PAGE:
A Fresh White

This Korean Pearl Bush is ready to pop.  Sometimes, anticipation is the best thing about gardening.photo

Until the flowers burst open.  The Pearl Bush isn’t as common as crabapples, but here in zone 4b, it should be.photo

“Ice and Snow” is the name of this lovely but slow growing hosta.  photo

And finally, a creamy dream of ribbon grass. This plant seduces me into keeping it because in spring it’s so beautiful that I forget what an aggressive, all-green nightmare it becomes in late summer.photo

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4 Responses to A Fresh White

  1. In April, I bought a hosta (that looks a little like the one above) at our botanical garden’s plant sale. Our house sits on top of an old cotton field, so our trees are too young to give us shade. I hid the hosta behind a north-facing shrub and hope it will get the right amount of shade.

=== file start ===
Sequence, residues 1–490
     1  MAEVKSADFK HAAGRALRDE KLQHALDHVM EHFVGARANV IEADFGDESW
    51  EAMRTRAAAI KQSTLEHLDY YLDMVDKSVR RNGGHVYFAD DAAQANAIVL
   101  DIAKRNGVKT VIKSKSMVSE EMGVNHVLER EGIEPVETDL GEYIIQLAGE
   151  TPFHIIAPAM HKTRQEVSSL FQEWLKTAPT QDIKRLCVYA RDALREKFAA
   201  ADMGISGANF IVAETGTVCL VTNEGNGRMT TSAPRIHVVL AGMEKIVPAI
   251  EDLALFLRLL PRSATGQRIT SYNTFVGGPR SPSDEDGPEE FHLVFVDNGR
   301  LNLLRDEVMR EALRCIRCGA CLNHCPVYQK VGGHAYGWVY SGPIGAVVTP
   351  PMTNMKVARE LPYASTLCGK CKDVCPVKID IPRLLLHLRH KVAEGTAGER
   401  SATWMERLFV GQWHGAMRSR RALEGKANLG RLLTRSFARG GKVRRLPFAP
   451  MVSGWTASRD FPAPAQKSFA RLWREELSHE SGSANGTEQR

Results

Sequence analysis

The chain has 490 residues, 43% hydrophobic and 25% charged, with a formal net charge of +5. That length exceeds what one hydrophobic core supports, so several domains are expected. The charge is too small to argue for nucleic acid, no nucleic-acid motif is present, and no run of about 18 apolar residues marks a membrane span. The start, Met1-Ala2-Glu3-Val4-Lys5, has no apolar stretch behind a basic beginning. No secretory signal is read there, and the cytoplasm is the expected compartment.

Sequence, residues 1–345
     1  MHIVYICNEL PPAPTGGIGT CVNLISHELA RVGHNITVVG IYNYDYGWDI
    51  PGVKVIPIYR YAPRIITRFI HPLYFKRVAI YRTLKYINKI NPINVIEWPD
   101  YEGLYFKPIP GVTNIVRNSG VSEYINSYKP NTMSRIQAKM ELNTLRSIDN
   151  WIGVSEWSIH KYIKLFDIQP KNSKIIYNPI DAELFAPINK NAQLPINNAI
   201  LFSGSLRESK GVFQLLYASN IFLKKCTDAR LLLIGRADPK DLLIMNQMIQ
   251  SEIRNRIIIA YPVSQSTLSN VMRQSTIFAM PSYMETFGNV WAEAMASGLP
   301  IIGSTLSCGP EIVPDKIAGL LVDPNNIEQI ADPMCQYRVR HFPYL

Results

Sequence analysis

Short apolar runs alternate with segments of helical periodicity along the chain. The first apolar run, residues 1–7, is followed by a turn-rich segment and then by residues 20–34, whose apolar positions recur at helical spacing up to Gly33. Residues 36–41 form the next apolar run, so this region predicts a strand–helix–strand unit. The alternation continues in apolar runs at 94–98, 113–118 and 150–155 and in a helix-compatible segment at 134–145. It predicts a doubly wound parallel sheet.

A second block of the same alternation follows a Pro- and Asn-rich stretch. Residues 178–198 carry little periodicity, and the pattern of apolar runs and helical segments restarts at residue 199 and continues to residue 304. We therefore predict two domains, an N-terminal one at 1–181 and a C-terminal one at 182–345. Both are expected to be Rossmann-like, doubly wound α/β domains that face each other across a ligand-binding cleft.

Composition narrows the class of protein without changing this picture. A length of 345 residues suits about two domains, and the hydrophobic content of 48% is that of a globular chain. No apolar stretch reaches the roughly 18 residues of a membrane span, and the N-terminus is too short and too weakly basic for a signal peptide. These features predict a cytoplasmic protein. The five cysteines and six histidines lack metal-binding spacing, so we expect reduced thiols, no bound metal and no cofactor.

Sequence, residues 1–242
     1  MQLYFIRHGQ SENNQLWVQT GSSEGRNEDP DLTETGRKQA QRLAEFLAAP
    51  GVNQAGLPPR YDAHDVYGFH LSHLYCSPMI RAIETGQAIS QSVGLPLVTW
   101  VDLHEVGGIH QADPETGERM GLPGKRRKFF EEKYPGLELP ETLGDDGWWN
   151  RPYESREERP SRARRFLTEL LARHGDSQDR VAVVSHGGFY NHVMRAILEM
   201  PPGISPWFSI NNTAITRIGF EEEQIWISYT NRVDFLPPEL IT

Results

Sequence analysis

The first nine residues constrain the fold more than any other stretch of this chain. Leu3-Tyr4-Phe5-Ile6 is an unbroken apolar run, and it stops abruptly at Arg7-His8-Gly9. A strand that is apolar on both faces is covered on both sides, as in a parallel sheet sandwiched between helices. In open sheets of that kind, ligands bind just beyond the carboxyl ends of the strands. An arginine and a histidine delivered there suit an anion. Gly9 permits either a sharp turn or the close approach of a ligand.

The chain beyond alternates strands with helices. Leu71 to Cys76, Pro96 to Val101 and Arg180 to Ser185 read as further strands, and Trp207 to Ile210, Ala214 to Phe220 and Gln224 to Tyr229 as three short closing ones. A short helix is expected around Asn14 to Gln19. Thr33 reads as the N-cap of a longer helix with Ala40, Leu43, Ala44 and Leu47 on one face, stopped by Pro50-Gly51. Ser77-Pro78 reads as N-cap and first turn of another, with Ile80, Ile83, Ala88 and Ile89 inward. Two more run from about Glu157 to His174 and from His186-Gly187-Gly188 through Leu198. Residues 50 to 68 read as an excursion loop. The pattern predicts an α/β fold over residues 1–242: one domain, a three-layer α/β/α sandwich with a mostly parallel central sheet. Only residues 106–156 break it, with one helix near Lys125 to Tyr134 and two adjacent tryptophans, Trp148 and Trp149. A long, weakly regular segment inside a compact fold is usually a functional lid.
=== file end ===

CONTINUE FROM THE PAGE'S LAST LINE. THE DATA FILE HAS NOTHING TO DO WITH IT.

• Hi Stephanie. Your hosta might be “Patriot,” which is a far more common white hosta than “Ice and Snow.” Interestingly, the more white or yellow a hosta has, the more sun it can tolerate. Good luck with it!

      • Really?! (Italics!) I so did not know that. My n-d-neighbor has hostas facing the direct western sun and they seem to do okay…even in humid Alabama August. Do you know if I can propagate hostas w/ rooting hormone?

  2. In my experience with hostas, rooting hormone would be unnecessary. I think hostas are one of the easiest plants to make more of! If you have a large plant, just use a sharp knife and divide(at any time of the year, but the hottest part of summer) and make sure the chunks have some roots, then replant. If the hosta is young, you may be able to divide without the sharp knife. Keep well watered, of course, after division.

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